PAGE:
Point 9. Types of construction

Point 9. Types of construction

 

The different phases of occupation of El Castellot were determined with greater or lesser accuracy following the methodology of archaeological excavation and exhaustive study and analysis of the materials found and documented.

 

Thus, in each phase of occupation building techniques were used that were not always the same as those that came before and/or after them. It can therefore be seen how in each historical period (Cerretanian, Ibero-Roman and mediaeval) different techniques were used to build the walls. While they were always constructed using mortar made from earth and rubble, they have distinct features in each period that mean they can be told apart quickly.

 

– The Cerretanian walls (4th-3rd century BC). These were built on the basis of two faces of medium-sized blocks of limestone, filled inside with a mixture of small stones and earth. The walls of the houses were generally between 75 and 85cm thick, except for partitions, which were only 45cm thick. The fortifying walls, on the other hand, were between 1.5 and 1.7m thick.

 

– The republican walls (2nd-1st century BC). These used much more flat pieces of slate in their construction. The walls of the houses were between 45 and 60cm thick and built from a mixture of stone blocks and flat stones. However, the fortifying walls, as in the towers and the guard house had two faces built mostly with flat pieces of slate laid horizontally and held together with a mixture of pebbles, flat stones and earth inside. Thicknesses vary between 1.2 and 1.5m.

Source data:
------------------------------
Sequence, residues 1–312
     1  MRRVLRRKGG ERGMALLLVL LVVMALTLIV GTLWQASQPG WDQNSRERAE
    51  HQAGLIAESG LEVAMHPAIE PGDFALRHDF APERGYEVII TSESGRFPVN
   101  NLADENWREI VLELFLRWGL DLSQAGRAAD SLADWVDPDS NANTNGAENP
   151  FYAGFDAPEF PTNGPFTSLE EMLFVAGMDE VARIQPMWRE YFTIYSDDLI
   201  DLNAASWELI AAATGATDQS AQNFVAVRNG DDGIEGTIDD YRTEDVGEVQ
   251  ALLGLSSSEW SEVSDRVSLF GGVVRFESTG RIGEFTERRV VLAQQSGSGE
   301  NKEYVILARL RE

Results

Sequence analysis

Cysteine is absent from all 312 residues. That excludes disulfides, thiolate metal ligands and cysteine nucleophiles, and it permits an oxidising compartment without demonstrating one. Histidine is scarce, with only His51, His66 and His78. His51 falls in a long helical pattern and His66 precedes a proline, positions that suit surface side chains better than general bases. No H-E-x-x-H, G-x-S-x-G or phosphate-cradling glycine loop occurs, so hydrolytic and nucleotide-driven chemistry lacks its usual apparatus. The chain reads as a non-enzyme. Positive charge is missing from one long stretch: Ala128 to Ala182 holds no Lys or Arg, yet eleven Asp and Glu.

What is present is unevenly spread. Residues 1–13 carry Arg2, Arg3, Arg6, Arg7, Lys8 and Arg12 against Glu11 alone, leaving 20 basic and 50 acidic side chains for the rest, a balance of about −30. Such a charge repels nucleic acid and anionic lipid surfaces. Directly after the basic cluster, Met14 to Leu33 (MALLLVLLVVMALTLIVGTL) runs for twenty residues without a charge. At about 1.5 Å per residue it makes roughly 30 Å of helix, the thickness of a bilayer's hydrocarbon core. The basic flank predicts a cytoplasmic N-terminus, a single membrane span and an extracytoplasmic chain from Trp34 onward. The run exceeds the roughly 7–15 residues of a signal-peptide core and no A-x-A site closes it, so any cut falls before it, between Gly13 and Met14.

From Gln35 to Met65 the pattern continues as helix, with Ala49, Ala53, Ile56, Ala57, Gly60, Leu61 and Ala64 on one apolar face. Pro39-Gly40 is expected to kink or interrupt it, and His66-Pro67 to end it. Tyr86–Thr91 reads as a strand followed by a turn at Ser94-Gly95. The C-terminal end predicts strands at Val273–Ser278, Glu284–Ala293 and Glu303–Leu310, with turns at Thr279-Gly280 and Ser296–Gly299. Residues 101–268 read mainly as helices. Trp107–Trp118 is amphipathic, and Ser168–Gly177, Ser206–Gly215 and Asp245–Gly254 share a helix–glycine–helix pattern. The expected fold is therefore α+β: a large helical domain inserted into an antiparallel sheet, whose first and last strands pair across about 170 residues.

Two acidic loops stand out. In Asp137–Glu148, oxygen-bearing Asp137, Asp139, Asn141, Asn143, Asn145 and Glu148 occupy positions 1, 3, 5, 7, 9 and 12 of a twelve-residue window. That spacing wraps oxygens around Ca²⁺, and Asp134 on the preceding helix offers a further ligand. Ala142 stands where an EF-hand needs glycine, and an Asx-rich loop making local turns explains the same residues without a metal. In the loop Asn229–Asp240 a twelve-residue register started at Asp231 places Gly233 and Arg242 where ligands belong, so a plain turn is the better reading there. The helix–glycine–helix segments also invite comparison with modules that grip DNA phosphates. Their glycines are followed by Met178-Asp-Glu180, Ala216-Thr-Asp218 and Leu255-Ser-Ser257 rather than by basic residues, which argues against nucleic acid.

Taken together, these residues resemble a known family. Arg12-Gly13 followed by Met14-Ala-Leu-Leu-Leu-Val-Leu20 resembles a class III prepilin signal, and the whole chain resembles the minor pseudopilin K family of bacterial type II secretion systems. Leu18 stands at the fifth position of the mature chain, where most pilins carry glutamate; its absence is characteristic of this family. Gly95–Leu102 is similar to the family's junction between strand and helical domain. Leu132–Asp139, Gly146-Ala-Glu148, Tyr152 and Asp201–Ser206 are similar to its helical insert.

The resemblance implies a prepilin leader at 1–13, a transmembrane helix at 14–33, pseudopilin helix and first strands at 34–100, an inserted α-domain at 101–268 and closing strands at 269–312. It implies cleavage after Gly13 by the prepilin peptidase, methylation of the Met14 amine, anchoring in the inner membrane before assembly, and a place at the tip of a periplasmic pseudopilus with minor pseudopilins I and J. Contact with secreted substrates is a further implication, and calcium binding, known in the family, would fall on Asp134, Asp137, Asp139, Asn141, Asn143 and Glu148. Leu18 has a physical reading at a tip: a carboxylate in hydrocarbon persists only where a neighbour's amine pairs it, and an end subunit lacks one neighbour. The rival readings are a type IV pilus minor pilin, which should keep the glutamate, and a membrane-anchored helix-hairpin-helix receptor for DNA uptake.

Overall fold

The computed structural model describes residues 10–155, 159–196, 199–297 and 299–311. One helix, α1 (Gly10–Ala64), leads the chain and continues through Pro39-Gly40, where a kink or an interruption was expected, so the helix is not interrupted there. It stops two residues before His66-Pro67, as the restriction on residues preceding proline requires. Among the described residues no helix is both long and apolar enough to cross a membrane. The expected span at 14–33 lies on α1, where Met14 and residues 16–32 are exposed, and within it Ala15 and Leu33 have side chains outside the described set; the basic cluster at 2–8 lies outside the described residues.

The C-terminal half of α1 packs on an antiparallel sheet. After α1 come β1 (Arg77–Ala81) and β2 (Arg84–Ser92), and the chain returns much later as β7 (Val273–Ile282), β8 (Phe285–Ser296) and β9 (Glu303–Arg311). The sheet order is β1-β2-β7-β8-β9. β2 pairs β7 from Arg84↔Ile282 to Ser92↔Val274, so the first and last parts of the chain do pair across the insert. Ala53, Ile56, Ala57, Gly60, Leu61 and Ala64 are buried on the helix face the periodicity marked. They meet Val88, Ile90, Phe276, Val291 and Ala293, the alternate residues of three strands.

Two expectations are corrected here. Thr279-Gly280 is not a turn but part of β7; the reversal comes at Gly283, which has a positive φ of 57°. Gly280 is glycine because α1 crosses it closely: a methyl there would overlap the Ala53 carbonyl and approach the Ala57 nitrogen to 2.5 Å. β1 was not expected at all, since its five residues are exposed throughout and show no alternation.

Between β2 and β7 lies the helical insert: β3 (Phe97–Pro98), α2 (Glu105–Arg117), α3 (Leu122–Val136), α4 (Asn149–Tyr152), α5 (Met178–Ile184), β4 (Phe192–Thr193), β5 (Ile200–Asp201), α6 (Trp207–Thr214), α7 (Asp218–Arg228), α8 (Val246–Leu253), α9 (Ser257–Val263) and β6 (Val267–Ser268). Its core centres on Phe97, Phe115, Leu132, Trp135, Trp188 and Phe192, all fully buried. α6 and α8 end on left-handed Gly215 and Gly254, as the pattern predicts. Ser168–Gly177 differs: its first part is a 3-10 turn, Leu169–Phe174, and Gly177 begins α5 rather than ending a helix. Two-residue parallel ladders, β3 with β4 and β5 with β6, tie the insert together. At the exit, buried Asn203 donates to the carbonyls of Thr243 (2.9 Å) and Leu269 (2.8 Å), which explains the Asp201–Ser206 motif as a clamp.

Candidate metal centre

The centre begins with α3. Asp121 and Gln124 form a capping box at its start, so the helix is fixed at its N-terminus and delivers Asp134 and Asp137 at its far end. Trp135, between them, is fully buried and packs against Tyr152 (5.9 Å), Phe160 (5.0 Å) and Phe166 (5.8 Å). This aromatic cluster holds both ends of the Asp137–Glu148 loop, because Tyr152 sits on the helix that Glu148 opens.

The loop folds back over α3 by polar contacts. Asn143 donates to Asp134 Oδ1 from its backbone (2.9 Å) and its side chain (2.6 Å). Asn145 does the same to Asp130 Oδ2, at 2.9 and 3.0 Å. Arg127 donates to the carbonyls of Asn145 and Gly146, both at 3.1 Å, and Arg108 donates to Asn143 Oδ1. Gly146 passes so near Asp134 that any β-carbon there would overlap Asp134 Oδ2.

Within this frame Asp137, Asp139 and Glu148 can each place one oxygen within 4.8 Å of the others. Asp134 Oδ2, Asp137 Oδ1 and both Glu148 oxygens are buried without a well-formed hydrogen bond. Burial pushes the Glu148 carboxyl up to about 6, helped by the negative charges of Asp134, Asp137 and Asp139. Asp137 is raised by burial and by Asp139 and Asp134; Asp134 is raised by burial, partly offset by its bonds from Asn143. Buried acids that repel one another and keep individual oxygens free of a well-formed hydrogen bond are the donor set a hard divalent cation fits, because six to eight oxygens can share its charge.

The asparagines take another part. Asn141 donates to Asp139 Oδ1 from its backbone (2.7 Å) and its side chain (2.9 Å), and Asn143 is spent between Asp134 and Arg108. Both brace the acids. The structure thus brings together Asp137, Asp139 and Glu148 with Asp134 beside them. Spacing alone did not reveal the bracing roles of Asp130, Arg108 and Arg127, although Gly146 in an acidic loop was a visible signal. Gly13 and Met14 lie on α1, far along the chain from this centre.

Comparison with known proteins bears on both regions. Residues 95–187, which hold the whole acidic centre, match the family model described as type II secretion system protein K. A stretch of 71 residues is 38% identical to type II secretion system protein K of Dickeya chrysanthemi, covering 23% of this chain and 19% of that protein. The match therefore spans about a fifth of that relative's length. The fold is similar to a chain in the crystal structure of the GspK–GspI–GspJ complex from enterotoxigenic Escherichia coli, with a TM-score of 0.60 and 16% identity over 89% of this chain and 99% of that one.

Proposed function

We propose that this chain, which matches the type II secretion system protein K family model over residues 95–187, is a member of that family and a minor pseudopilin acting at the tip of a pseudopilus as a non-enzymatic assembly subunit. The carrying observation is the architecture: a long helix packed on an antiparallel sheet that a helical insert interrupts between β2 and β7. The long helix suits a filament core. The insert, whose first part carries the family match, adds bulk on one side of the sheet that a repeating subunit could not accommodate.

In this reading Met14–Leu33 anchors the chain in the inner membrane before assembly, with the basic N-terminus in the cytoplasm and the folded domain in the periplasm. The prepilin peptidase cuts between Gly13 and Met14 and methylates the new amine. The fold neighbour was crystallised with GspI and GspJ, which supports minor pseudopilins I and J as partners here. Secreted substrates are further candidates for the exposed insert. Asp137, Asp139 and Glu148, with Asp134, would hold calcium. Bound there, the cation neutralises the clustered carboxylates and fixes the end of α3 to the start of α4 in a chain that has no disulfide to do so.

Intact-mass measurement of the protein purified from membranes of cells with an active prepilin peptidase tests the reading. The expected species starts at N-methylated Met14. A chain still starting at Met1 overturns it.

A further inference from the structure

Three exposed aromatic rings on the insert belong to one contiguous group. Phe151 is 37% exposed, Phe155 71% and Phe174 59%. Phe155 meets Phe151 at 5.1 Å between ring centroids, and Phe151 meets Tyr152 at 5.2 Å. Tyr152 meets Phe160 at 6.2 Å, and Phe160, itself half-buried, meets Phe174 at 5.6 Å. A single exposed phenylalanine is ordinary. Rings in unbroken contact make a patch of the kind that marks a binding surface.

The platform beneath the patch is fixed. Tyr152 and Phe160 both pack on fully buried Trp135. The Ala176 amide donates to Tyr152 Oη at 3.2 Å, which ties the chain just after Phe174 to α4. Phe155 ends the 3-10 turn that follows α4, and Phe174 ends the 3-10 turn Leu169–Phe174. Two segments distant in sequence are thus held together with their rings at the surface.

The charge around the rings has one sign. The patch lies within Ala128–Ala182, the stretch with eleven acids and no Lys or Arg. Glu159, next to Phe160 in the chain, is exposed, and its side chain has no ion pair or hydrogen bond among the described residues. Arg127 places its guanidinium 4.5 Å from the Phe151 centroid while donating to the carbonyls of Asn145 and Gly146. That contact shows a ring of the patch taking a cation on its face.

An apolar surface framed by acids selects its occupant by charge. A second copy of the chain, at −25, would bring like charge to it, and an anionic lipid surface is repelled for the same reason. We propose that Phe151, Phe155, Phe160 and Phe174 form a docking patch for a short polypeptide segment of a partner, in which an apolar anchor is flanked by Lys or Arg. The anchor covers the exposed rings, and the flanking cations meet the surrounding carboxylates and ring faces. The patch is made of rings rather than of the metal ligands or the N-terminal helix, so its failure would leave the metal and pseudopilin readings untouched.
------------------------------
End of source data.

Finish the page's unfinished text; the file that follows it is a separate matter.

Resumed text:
– The mediaeval walls (10th-12th century). These were built starting with a base of large blocks of stone over which there is opus spicatum on both sides. The latter technique consists of laying blocks of stone on end, slightly sloping, in successive rows. The slope in the stones was alternated in each row in a way that recalls an ear of corn or a fish bone. In this case, medium-sized elongated stone blocks were used, in combination with flat pieces of slate. Inside the wall was also filled with rubble and earth.

 

Image: Ground plan of the zone showing the three structures in different colours

Image: Other Cerretanian walls on the site

Image: Other republican walls on the site

Image: Other mediaeval walls on the site